My name is Brian Campbell and I have Osgood Schlatter disease (OSD). No need for worry however, because OSD sounds a lot worse than it actually is.
This is especially true for a young athlete hearing those dreaded words for the first time in a doctor’s office. The first question I had for my doctor was, “how much time do I have left Doc”?
OSD is a pain limiting disorder of the knee found in growing children. The inflammation (swelling) is localized just below the kneecap. Some extreme cases of OSD results in a bump (outgrowth) of the bone. The area of swelling maybe painful to the touch. Pain with this condition can be present during weight bearing squats, kneeling, or jumping.
The site of pain and swelling in OSD occurs at the insertion (ending) of the quadriceps muscles, where the muscle is connected to the bone. Muscles have an origin (where the muscle starts) as well as an insertion (where the muscle ends).
OSD is sometimes referred to as “Growing Pains”, not to be confused with the 80’s TV show. While growing pains are often dismissed as something to be endured, OSD should not be ignored. Since OSD is commonly found in young athletes, it is important to develop an understanding of the causes, management of symptoms, and special considerations for young athletes trying to participate in sports.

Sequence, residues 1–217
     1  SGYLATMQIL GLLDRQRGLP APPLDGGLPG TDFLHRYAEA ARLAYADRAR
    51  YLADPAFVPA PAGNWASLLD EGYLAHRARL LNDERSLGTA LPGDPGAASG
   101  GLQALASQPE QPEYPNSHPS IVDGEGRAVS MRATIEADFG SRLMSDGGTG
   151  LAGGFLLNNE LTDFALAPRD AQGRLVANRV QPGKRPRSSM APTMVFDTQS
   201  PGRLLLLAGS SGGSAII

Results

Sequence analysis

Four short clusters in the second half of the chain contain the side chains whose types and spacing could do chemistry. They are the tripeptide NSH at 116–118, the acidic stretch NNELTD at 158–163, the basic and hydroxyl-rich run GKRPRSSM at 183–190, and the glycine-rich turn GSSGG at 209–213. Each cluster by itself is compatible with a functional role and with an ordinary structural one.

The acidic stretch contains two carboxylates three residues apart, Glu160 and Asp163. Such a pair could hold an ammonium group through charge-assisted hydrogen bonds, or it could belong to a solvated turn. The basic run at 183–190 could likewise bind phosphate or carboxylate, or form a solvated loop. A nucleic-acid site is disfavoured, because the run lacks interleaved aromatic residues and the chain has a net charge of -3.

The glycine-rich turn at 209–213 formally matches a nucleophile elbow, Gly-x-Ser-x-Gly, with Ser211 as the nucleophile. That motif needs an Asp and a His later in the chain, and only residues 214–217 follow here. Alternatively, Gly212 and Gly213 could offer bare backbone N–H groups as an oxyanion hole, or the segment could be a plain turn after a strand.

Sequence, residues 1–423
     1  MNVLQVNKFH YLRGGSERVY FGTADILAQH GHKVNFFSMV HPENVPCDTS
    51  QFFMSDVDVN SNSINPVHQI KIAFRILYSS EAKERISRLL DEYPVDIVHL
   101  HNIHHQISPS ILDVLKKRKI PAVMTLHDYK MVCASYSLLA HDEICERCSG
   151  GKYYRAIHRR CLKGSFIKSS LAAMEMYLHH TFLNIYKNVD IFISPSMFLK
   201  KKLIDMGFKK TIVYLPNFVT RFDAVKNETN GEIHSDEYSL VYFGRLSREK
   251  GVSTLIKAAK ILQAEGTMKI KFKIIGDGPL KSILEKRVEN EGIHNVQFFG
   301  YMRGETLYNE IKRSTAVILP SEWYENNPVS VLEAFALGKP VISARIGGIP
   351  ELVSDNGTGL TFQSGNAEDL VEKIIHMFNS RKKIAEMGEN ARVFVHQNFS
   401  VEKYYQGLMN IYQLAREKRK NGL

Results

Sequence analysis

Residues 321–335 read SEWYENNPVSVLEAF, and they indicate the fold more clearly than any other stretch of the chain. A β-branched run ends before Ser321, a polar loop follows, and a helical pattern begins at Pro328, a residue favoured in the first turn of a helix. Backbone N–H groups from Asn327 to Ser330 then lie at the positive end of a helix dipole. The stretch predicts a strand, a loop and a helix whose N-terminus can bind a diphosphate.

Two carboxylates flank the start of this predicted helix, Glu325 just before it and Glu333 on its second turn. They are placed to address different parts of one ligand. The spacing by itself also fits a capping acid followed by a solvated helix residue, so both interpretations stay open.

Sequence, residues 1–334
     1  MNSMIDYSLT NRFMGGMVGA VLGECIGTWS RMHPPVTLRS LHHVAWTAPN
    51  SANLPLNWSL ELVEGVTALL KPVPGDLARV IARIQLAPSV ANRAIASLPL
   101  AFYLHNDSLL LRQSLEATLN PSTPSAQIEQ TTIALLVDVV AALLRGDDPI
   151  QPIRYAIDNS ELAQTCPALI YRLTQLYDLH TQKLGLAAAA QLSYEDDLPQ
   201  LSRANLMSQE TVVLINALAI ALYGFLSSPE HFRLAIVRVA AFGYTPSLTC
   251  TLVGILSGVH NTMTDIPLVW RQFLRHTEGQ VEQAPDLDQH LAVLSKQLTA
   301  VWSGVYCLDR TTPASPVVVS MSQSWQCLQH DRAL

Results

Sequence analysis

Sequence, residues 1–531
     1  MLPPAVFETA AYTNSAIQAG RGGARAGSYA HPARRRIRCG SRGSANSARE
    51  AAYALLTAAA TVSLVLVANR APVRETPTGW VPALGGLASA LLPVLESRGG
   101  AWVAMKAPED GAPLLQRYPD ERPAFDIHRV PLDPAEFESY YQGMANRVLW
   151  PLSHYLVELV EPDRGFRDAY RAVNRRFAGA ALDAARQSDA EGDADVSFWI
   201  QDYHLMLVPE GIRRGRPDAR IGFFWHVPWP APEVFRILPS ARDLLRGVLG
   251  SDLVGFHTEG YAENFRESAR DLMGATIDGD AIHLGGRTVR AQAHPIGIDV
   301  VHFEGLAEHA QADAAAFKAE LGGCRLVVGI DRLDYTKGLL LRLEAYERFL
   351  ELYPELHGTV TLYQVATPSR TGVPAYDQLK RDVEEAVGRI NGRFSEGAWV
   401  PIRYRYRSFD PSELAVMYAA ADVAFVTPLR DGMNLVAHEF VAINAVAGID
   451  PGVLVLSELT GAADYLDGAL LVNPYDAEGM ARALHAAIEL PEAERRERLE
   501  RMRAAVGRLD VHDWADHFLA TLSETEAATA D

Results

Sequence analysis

When a child grows, bones are the first to lengthen. Muscle will then grow in length to respond to the newly developed bone. When normal growth rates occur, the muscle usually has enough time to lengthen along with the bone. However in abnormal growth spurts, bones will grow at an increased rate.
In the case of OSD, the bones of the leg are growing faster than the quadriceps and hamstrings which run in parallel. The muscles are then playing catch up to lengthen in response to the longer bones and this can lead to muscle tightness in the quadriceps and hamstring muscles. This tightness is then translated into greater stress applied at the insertion and the end result might be OSD. Hamstring tightness is correlated with OSD. Tight hamstrings will not relax normally to allow the quadriceps to extend the knee efficiently. This phenomenon forces the quadriceps to work harder when jumping, running, and kicking.
How do we get the muscles to lengthen faster? We stretch them. Particular attention should be given to stretches that focus on the quadriceps and hamstrings.
During a game was never a problem for me, when the blood was flowing and the hormones were racing, my knees did not hurt. Pain may begin after half time or during a breather on the bench.
I am not suggesting never resting an athlete with OSD, but knowing that the window of staying warm is lower with OSD athletes than non-OSD athletes is important. After only a few minutes of inactivity, the knees will start to ache and become stiff.
Athletes with OSD should be encouraged to “stay warm” while not directly involved in activity. Following activity, ice is a good way to minimize pain and inflammation. Applying ice for up to 20 minutes, after activity, can really make a difference.
Young Athletes with OSD can participate in sports. Common sense and a few special considerations can allow a child to compete effectively with OSD. The most important component to minimize OSD pain is stretching and ice.
Brian Campbell, MS, ATC Kenny Howard Fellow Doctoral Student Auburn University